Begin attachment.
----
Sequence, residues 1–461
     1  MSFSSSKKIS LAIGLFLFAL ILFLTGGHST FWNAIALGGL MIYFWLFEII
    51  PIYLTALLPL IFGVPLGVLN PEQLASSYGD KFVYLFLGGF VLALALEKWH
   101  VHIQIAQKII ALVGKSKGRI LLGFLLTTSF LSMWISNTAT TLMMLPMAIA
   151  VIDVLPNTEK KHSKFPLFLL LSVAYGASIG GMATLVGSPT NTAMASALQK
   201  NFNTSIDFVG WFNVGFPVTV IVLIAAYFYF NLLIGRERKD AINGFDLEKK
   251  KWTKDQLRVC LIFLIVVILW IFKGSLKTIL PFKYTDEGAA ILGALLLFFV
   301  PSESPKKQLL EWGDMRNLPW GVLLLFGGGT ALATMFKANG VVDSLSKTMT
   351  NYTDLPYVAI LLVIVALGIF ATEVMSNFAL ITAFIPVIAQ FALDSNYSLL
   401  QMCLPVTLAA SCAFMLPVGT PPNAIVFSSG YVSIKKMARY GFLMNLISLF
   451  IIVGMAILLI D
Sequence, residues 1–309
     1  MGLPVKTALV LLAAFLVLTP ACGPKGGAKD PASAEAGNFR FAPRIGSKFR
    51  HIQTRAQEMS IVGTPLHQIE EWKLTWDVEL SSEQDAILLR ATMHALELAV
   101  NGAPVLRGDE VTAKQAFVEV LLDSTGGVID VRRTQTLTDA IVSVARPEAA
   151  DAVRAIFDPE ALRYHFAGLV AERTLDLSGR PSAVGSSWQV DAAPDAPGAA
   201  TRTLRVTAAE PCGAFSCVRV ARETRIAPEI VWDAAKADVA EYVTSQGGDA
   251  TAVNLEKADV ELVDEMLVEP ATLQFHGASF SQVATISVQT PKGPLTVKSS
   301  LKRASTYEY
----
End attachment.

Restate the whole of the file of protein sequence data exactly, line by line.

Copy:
Sequence, residues 1–461
     1  MSFSSSKKIS LAIGLFLFAL ILFLTGGHST FWNAIALGGL MIYFWLFEII
    51  PIYLTALLPL IFGVPLGVLN PEQLASSYGD KFVYLFLGGF VLALALEKWH
   101  VHIQIAQKII ALVGKSKGRI LLGFLLTTSF LSMWISNTAT TLMMLPMAIA
   151  VIDVLPNTEK KHSKFPLFLL LSVAYGASIG GMATLVGSPT NTAMASALQK
   201  NFNTSIDFVG WFNVGFPVTV IVLIAAYFYF NLLIGRERKD AINGFDLEKK
   251  KWTKDQLRVC LIFLIVVILW IFKGSLKTIL PFKYTDEGAA ILGALLLFFV
   301  PSESPKKQLL EWGDMRNLPW GVLLLFGGGT ALATMFKANG VVDSLSKTMT
   351  NYTDLPYVAI LLVIVALGIF ATEVMSNFAL ITAFIPVIAQ FALDSNYSLL
   401  QMCLPVTLAA SCAFMLPVGT PPNAIVFSSG YVSIKKMARY GFLMNLISLF
   451  IIVGMAILLI D
Sequence, residues 1–309
     1  MGLPVKTALV LLAAFLVLTP ACGPKGGAKD PASAEAGNFR FAPRIGSKFR
    51  HIQTRAQEMS IVGTPLHQIE EWKLTWDVEL SSEQDAILLR ATMHALELAV
   101  NGAPVLRGDE VTAKQAFVEV LLDSTGGVID VRRTQTLTDA IVSVARPEAA
   151  DAVRAIFDPE ALRYHFAGLV AERTLDLSGR PSAVGSSWQV DAAPDAPGAA
   201  TRTLRVTAAE PCGAFSCVRV ARETRIAPEI VWDAAKADVA EYVTSQGGDA
   251  TAVNLEKADV ELVDEMLVEP ATLQFHGASF SQVATISVQT PKGPLTVKSS
   301  LKRASTYEY